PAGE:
reinforce the skills of teacher who have been at the school for some time. At
an individual level, it is not always easy to ensure that a student will buy
into a behavioral intervention. If they show resistance then this might mean
that the intervention was not appropriate for that particular child. The
students might need a more intense intervention. However, with any
intervention it is important that it is monitored to ensure that it is having the
desired effect. It is likely that the intervention that was originally planned
and implemented will have to be revised.”
Dwoodruff says, “Also, the Linking Agent Component of EMSTAC helps with
sustaining our work. The Linking Agent’s job is to be the consistent
“cheerleader” for the program, checking up on teacher progress, helping to
collect data on student outcomes, and making sure the interest level for the
program remains high.”
Barbara says, “is Project Achieve very expensive? How have school been
able to finance their projects?”
Dwoodruff says, “Some of the key elements that we try to bring into
schools working on school-wide discipline is the belief that every child in the
school is the responsibility of every adult in the school.”
Dwoodruff says, “many students need behavioral assistance in the form of
being taught the specific behaviors considered appropriate to the school
setting.”
Dwoodruff says, “The school staff requires a strategic, school-wide plan to
help them meet the needs of all students.”
Eric says, “It has been my experience that schools use local, state, or
federal dollars that are available to them. Although it takes time, it seems
critical that school leaders have the skills and the time to apply for and
ascertain outside funding. Hopefully, as these technologies become more
popular they will become more available through dissemination efforts that
are of no cost to the school districts. This I already happening through our
project EMSTAC and several other OSEP funded technical assistance and
dissemination centers.”
Dwoodruff says, “Positive student behaviors need to be recognized and
reinforced more frequently than the level of attention given to negative
behaviors.”
Dwoodruff says, “It is also critical that parents and other family members
are closely involved in all discipline and behavior support activities.”
Eric says, “Yes, Darren, a five to one positive to negative ratio has been
recommended. Research shows that teachers prefer positive interventions
but the research on teacher attention to positive and negative student
behavior is less clear. Much of the research does suggest that teachers
attend to negative behavior much more frequently than positive behavior.”
Barbara says, “Isn’t there also a gender difference, with boys getting more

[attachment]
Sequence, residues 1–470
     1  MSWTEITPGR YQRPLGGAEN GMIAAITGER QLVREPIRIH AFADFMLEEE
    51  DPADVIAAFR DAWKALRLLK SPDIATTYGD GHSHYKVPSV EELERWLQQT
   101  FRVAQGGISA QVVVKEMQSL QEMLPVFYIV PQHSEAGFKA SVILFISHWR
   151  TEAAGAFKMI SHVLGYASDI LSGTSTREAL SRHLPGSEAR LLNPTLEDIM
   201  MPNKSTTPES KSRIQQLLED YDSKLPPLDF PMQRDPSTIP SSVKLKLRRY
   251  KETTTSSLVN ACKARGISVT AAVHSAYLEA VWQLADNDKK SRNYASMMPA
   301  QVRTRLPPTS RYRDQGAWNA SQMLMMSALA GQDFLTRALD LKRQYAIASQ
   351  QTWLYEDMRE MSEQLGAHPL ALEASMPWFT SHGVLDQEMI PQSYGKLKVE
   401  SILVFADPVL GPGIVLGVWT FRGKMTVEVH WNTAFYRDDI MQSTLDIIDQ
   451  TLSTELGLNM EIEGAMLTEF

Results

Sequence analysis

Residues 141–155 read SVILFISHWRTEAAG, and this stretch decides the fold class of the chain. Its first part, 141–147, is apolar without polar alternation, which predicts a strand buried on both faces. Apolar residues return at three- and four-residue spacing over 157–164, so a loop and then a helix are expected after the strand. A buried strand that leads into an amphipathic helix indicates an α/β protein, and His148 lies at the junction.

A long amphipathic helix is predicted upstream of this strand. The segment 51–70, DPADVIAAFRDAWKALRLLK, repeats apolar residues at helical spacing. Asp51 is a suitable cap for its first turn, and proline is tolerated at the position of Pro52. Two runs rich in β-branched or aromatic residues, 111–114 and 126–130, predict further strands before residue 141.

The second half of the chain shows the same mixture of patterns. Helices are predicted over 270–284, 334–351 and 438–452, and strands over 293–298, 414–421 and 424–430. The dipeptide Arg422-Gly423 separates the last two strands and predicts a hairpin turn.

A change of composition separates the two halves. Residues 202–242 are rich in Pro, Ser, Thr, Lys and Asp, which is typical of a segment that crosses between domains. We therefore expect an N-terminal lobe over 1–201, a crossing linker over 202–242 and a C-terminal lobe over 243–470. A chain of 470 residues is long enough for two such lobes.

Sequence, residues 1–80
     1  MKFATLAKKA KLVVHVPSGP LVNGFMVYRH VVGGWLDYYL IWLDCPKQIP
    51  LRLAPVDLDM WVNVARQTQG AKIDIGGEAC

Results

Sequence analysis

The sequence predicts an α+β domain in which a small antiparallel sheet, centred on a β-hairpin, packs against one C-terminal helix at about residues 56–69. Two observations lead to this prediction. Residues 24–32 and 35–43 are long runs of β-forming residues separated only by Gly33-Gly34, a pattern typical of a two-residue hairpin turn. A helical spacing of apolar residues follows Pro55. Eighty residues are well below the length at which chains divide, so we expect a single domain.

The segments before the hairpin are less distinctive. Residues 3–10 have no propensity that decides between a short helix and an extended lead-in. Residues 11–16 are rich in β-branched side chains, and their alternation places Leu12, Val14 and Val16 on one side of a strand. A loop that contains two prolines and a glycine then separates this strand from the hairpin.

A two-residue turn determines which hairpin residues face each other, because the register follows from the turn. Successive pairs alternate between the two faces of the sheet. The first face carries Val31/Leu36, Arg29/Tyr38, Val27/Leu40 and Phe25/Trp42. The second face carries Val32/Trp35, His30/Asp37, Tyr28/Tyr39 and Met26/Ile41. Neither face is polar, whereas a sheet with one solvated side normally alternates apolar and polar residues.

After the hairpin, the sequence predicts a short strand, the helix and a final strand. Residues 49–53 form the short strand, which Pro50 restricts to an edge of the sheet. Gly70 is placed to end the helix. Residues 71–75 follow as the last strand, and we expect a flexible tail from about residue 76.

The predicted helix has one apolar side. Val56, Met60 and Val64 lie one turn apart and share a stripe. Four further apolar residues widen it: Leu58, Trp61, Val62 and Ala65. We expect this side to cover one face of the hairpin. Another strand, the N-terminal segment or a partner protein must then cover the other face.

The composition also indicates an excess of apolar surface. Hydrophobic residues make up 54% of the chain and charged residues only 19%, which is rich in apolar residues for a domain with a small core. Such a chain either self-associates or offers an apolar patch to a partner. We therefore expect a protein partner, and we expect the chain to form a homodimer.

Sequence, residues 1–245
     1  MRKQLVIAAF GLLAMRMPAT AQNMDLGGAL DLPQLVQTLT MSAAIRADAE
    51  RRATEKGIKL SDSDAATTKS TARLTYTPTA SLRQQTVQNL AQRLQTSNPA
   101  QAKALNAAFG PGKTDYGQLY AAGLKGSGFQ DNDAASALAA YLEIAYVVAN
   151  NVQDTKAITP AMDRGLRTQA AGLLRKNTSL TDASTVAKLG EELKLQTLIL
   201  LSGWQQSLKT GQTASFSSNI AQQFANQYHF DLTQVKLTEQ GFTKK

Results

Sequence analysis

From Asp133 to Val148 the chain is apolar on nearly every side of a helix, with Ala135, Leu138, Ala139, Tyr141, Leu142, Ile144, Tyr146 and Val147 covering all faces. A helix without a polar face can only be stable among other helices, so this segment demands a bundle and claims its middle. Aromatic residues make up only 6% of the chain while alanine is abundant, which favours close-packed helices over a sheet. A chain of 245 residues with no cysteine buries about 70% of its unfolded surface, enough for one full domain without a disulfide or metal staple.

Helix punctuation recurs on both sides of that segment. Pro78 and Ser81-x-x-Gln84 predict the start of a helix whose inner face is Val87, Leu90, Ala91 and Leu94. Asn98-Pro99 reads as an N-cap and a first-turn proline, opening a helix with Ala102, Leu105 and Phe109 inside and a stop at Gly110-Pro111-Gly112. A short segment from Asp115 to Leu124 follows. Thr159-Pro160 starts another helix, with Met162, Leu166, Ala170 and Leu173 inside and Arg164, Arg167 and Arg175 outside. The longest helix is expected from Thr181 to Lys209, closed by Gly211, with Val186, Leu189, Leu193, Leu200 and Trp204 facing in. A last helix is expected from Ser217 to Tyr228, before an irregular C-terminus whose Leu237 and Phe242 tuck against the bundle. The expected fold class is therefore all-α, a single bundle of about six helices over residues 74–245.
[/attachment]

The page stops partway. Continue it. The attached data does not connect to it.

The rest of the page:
attention than girls (both negative and positive)? Is there anything in the
training that addresses this?”
Dwoodruff says, “Attention to negative behaviors seems to be a part of
human nature. It’s usually the loudest kids in a school that get most of the
attention. But by turning that around and reinforcing (or rewarding) the
students who are doing the things we would like to see, we can help
increase positive behavior across entire schools and classrooms.”
Eric says, “Yes, you are right, Barbara. The interesting thing about this
finding on gender and behavior problems is that boys often exhibit more
externalizing patterns of behavior problems (fighting, hitting, yelling out,
etc.) and it is these very types of behavior that are likely to get teacher
attention. When girls exhibit these behaviors they are responded to.
However, I believe there is research suggesting that the responses may be
different. Teachers express much more concern when these behaviors are
expressed by girls because they are less common.”
Dwoodruff says, “As we get close to the end of our time, I’d like to mention
some other resources on discipline, behavior, and preventing school
violence. Once of our partner projects, the Center for Effective Collaboration
and Practice, has a very comprehensive set of resources in this area. The
website, http://cecp.air.org, contains links to the newly released “Actin
Guide on School Safety and Violence Prevention,” the “Early Warning Guide
to Safe Schools,” the Dept. of Ed and Justice’s “Annual Report on School
Safety”, and links to other websites on school safety and violence
prevention.”
Eric says, “Yes, very good, Darren. I have found this resource to be
extremely helpful. I want to thank all of you who have participated. This
has been an exciting exchange and I hope that we can do this again in the
future. For now I will be signing off. Thanks again. Eric Mesmer.”
Dwoodruff says, “As we mentioned earlier, we are working on discipline
and behavior support programs in Detroit, Washington D.C., and in South
Carolina. If there are other districts in the EMSTAC network that are
interested in behavioral supports for their schools, please contact us.
Thanks so much for your time.”
Judyw says, “Thank you Eric and Darren for this informative discussion. We
certainly will have you back online in the near future. We appreciate your
time. Thanks, EMSTAC.”